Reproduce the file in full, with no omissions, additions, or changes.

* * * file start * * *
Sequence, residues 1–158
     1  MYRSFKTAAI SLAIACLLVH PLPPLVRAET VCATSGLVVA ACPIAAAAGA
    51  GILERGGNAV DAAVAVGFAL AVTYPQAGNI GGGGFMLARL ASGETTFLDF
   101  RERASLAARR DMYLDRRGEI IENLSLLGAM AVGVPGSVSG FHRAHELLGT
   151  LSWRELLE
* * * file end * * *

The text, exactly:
Sequence, residues 1–158
     1  MYRSFKTAAI SLAIACLLVH PLPPLVRAET VCATSGLVVA ACPIAAAAGA
    51  GILERGGNAV DAAVAVGFAL AVTYPQAGNI GGGGFMLARL ASGETTFLDF
   101  RERASLAARR DMYLDRRGEI IENLSLLGAM AVGVPGSVSG FHRAHELLGT
   151  LSWRELLE